Crowdfunding Could Spur Startups
The Great Depression led to the adoption of a series of laws designed to prevent individual investors from being fleeced by unscrupulous and fraudulent ‘businessmen.’ These laws provided the framework of securities laws that have been navigated by countless entrepreneurs since the 1930s seeking legitimate investment in their fledgling businesses. Conversely, the Great Recession has pushed Congress to adopt the Jumpstart Our Business Startups (JOBS) Act, signed into law by President Obama on April 5, which fundamentally changes the rules of the investment game for businesses of all sizes.
Perhaps the most significant change is allowing startups to use ‘crowdfunding” to raise capital. There is significant potential for a flourishing of startups as this new flavor of capital comes online. There is also the opportunity for regular Americans to get the same opportunity angel investors have had for decades — the small chance to make a lot of money and a much larger chance of losing every penny — investing in startups.
Crowdfunding is the modernization of an old process — raising small amounts of money from a large number of people — using the power and scope of the Internet. Crowdfunding via the Internet already exists in many different forms. Independent journalists fund investigative journalism not funded by the mainstream media via Spot.us; Kickstarter.com allows inventors and artists to raise funding directly from (and sell to) people passionate about the product; and Kiva.org assists developing-world entrepreneurs to connect directly to individual philanthropists to secure microloans.
Here’s how it usually works. Entrepreneurs create a ‘pitch’ profile on a crowdfunding Web site. The crowdfunding site reviews the profile to be sure it is appropriate and not fraudulent (with varying levels of success). The crowdfunding sites have an incentive to list only honest, worthy companies — otherwise, the ‘crowd’ will migrate to an alternate crowdfunding Web site. If the application is approved, the entrepreneurs use social media to promote their pitch to communities of people likely to be receptive to the idea. People who take interest review the profile, often engage in an online discussion with the entrepreneurs, and may make a financial contribution through the crowdfunding site.
The SEC will be finalizing the rules and restrictions on crowdfunding over the next 270 days; however, the JOBS Act already contains significant limitations on both the investor and the company seeking investments through crowdfunding. Companies can raise only $1 million every 12 months through crowdfunding (however, these companies still can — and many will — raise additional funds pursuant to the current, more traditional private-placement rules). Depending on the predefined target that the company establishes for its fund-raising round, the company will need to prepare detailed financial statements (audited if the target is more than $500,000) and deliver these to any prospective investor. The company must also provide both the SEC and prospective investors indepth information about the company and the offering, including the company’s business plan, the risks of the investment, and information about the officers, directors, or managers of the company.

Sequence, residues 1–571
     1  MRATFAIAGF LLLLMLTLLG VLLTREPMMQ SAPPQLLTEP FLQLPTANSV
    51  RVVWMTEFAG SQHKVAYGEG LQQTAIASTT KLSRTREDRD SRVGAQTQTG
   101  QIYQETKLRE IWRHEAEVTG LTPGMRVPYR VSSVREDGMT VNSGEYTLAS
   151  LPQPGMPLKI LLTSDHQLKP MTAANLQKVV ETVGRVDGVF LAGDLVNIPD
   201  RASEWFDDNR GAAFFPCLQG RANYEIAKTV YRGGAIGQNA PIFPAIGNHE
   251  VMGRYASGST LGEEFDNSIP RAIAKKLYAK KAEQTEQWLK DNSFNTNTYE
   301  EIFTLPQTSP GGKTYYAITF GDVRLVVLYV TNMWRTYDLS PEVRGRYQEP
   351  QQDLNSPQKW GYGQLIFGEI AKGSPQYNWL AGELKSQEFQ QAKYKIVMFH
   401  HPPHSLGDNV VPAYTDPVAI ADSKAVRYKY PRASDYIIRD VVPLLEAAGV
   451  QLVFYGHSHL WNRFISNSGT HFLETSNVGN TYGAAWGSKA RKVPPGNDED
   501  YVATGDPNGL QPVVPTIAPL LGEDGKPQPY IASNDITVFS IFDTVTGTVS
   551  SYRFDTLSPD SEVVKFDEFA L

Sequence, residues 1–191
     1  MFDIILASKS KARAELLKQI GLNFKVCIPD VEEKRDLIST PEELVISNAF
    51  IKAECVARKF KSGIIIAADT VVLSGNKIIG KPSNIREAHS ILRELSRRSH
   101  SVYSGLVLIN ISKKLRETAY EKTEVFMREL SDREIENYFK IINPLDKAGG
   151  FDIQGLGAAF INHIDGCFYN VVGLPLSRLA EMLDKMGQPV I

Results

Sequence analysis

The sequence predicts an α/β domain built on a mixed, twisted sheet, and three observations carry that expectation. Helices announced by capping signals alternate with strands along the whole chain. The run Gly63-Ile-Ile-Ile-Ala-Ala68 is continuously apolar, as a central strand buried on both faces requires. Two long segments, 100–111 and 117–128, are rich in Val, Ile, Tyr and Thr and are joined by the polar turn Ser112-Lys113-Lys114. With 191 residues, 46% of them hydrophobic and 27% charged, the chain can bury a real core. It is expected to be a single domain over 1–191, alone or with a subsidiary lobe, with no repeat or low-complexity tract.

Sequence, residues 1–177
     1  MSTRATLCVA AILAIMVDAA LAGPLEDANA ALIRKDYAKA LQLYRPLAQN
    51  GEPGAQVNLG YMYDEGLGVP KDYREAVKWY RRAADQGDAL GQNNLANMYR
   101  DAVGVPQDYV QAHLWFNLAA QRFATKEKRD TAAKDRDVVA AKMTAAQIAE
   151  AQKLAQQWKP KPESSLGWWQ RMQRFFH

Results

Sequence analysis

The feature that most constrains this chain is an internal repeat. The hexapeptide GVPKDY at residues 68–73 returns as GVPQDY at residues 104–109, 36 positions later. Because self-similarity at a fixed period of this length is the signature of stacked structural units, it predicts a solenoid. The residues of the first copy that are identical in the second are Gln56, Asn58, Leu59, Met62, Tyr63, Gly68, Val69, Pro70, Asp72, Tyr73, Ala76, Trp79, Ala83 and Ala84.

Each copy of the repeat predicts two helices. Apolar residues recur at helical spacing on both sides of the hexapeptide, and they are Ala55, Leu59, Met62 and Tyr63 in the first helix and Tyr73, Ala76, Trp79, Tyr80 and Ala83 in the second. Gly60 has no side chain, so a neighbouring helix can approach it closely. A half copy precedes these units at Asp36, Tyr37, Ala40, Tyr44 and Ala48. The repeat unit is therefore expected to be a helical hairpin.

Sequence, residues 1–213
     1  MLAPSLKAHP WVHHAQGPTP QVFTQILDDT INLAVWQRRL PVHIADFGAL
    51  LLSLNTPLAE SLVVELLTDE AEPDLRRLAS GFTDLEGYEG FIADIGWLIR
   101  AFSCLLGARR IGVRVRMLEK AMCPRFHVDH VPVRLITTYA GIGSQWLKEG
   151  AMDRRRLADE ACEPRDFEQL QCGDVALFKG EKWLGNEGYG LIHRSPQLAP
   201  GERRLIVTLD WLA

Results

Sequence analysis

Although any American can participate in crowdfunding as an investor, each crowdfunder will be able to invest only a limited percentage of their annual income (5% for individuals with income under $100,000, 10% for those over this threshold) in any 12-month period. Additionally, the equity that these crowdfunders receive will be restricted stock — it cannot be transferred for 12 months, with few exceptions.
The legalization of crowdfunding will also lead to the launch of a new kind of company — the fund-raising portal — as any company raising funds through crowdfunding must use these portals to act as the conduit between the company and the investors. These portals will exist only on the Internet — there will be no bricks-and-mortar storefront for these portals. The portal will need to register with the SEC and take reasonable steps to ensure that all participating in crowdfunding have followed all of the SEC’s rules — essentially the SEC will be ‘deputizing’ the portals to enforce the SEC’s rules. Companies using a portal should expect to pay 6% to 10% of the total funds raised as a service fee.
Congress and the president hope crowdfunding will lead to more startups obtaining critical funding early in their development, which should lead to more small businesses getting off the ground. However, the individuals investing in these early-stage companies need to be aware of the risks of these investments and remember the golden rule of investing: “if it sounds too good to be true, it probably is.”
Attorney Scott Foster, Esq. and Paul Silva are co-founders of Valley Venture Mentors.